Seafood mislabeling is rampant throughout the industry, accounting for as much as 55% of product sold in some countries with little regulatory framework in place to prevent the practices, an analysis by The Guardian indicated.
Mislabeling ranges from misidentifying the species of fish sold to cheating on weight, either by exaggerating the amount of fish actually packaged or adding ice to increase weight. The mislabeling is exacerbated by the way supply chains work: The catch is transported from fishing boats to transshipment vessels for processing where it’s easy – and profitable – to fiddle with the provenance.
Dane Chauvel, co-founder of Organic Ocean Seafood in Vancouver, Canada, told The Food Institute that though he could not put a dollar figure on the problem, it is significant.
“It has a huge economic impact,” he said. “When you remove the morphological characteristics of the fish, if they don’t have skin or fins or tails, even the professionals can’t tell them apart.” And it’s always cheaper species that are substituted for more expensive varieties.
A GLOBAL ISSUE
The problem is global, The Guardian reported in its analysis of 44 studies conducted in 30 countries among restaurants, fishmongers and supermarkets, mislabeling averaged 36% among the 9,000 products examined.
The greatest discrepancies were found in the U.K. and Canada where the rate was as high as 55%, followed by the U.S. at 38%.
A 2018 European Union study found 70% of purported snapper sold in the U.K. actually was a different species – in fact, it varied among 38 species, some of which were considered endangered.
FACTORS AT PLAY
A study last year by Rashid Sumaila, a fisheries economist at the Institute for the Oceans and Fisheries at the University of British Columbia, indicated 8 million to 14 million tons of fish are caught illegally each year, often by foreign-flagged distant fleets and then processed on transshipment vessels where the mislabeling occurs.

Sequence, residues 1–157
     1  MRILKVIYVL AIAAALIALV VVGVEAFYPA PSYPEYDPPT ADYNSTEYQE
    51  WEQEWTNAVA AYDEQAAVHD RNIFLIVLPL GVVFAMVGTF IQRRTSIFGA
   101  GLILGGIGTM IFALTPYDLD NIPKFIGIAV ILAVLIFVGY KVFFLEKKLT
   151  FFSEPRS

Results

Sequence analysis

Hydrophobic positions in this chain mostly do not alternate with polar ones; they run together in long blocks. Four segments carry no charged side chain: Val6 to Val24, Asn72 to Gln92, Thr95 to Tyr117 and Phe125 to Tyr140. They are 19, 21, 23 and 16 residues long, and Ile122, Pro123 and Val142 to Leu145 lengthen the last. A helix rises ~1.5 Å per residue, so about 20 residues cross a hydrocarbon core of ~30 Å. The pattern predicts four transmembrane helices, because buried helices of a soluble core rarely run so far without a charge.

“People can make a lot of money doing this,” Sumaila told The Guardian. He concluded the practice costs the industry $26 billion to $50 billion annually.
Chauvel said ultimately government regulation is likely to play a role. In the interim, some companies have turned to blockchain while Oceana has adopted DNA tissue sampling, working with scientists at the University of Guelph, to make sure its products are what they’re supposed to be.
“Every now and again they will find a mislabeled product because one species looks so much like another. In those cases, we own it. You don’t have to DNA sample everything, but you have to do it on an unscheduled basis. DNA identification has high value,” Chauvel said.
REASONS FOR OPTIMISM
On a brighter note, a just released one-year study by the Canadian Food Inspection Agency found 92% of fish samples tested were labeled properly. The samples were taken between April 1, 2019, and March 31, 2020, and involved butterfish, cod, halibut, kingfish, sea bass, snapper (red and other), sole, tuna and yellowtail.
The Canadian government has allocated $24.4 million through 2024 to tackle food fraud to protect consumers from deception and companies from unfair market competition.